Friday, May 20, 2016 by Jo Clifton

Two environmental groups plan to sue TxDOT

The Center for Biological Diversity and the Save Our Springs Alliance have notified the Texas Department of Transportation and the Federal Highway Administration that they intend to file suit against the agencies for approving the so-called MoPac Intersections project without consulting with the U.S. Fish and Wildlife Service, which oversees protection of endangered species.

According to the two environmental groups, TxDOT and the FHA failed to ensure that the project, which crosses the environmentally sensitive Barton Springs/Edwards Aquifer Conservation District’s recharge zone in Southwest Austin, will not harm three endangered species: the Barton Springs salamander, the Austin blind salamander and the golden-cheeked warbler.

In a notice filed Wednesday, those groups said, “The Texas Department of Transportation conducted an inadequate, cursory environmental review of the project and did not consult with the U.S. Fish and Wildlife Service to ensure the project would not jeopardize the survival of these endangered species, a violation of the Endangered Species Act.”

In their letter concerning the lawsuit, the groups noted that TxDOT finalized an environmental assessment in December 2015, at which time they determined that there would be “no significant impact” under standards set forth in the federal National Environmental Policy Act.

Kelly Davis, attorney for SOS, said Thursday that environmentalists are particularly concerned about the impact on the salamanders because TxDOT intends to construct approximately 2 miles of new lanes by digging down 23 feet below the current grade directly into Edwards Aquifer limestone, the material that forms caves.

According to the letter, a major threat to both salamander species is reduced habitat quality due to impervious cover and increased urbanization. While TxDOT promises “best management practices, (those) are only intended to remove 80 percent of the increased total suspended solids,” the letter says, ignoring the massive amount of sedimentation likely to fall directly into salamander habitat.

That means more pollution and sedimentation at the Blowing Sink Cave near the intersection of Brodie Lane and Davis Lane, as well as at the salamander habitat around Barton Springs pool, Davis said.

According to a written statement from Jenny Loda, a biologist and attorney with the Center for Biological Diversity, which is dedicated to protecting rare amphibians and reptiles, “Unchecked sprawl and transportation projects have already played a critical role in pushing these endangered salamanders and birds toward extinction.”

She added, “The highway expansion called for in the MoPac Intersections Project, along with adjacent highway expansion projects, is only going to accelerate the threats that are quickly wiping out these amazingly unique species.”

A coalition of citizens backed by SOS and other groups has already filed suit against TxDOT and the Central Texas Regional Mobility Authority over the agencies’ decision to break up the MoPac construction projects in order to avoid increased federal scrutiny. Those citizens include Shudde Fath and former mayors Carole Keeton and Frank Cooksey.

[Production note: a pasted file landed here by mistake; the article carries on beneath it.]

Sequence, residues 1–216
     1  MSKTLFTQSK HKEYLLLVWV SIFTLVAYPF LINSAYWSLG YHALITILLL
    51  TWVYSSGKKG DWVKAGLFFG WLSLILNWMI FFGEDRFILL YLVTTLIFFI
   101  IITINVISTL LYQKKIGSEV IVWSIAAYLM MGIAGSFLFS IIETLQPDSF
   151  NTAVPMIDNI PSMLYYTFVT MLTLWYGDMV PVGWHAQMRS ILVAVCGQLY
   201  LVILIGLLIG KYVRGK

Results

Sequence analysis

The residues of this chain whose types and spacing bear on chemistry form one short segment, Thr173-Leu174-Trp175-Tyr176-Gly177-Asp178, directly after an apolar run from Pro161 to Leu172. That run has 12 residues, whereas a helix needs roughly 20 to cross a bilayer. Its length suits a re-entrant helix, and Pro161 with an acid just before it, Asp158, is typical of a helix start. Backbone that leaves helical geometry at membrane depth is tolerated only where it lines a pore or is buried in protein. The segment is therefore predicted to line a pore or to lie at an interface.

Renea Hicks, the attorney for those plaintiffs, explained, “By chopping up the project into three smaller pieces, TxDOT and CTRMA have failed to examine the cumulative impacts of their project on the environment. This means there is no meaningful analysis of likely impacts on the Barton Springs/Edwards Aquifer, on endangered species, or on flooding and erosion downstream in the Onion Creek watershed.

“The harm from this piecemeal approach is compounded when you consider the likely impact of other projects TxDOT is actively pursuing in the Barton Springs watershed, including the massive Oak Hill ‘Y’ toll road project,” Hicks said.

TxDOT spokeswoman Veronica Beyer responded to the Monitor‘s request for a response via email, saying, “On Tuesday, April 26, TxDOT filed its answer to the plaintiffs’ lawsuit in federal district court which attempts to stop construction of three essential transportation projects (MoPac Express Lanes, MoPac Intersections and SH 45 SW). TxDOT denied the plaintiffs’ allegations. TxDOT also filed a motion to dismiss the lawsuit, based on the fact that this is a new attempt to re-litigate a prior similar case that the plaintiffs lost.”

This statement clearly refers to the earlier lawsuit, not the notice of intent filed on Wednesday.

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Key Players & Topics In This Article

Austin Blind Salamander: The Austin Blind Salamander lives in the underground waters of the Edwards Aquifer, below the surface of Barton Springs, its only known habitat. "Euycea waterlooensis" is an endangered species.

Barton Springs Salamander: The Barton Springs Salamander is an endangered, lungless salamander that lives in Barton Springs. It was put on the List of Endangered Species in 1997.

Save Our Springs Alliance (SOS): An advocacy organization. According to its web site, Save Our Springs "works to protect the Edwards Aquifer, its springs and contributing streams, and the natural and cultural heritage of the Hill Country region and its watersheds, with special emphasis on Barton Springs."

TxDOT: The transportation agency for the State of Texas.

U.S. Fish and Wildlife Service: The federal conservation service that put Texas Salamanders on the list of Endangered Species.

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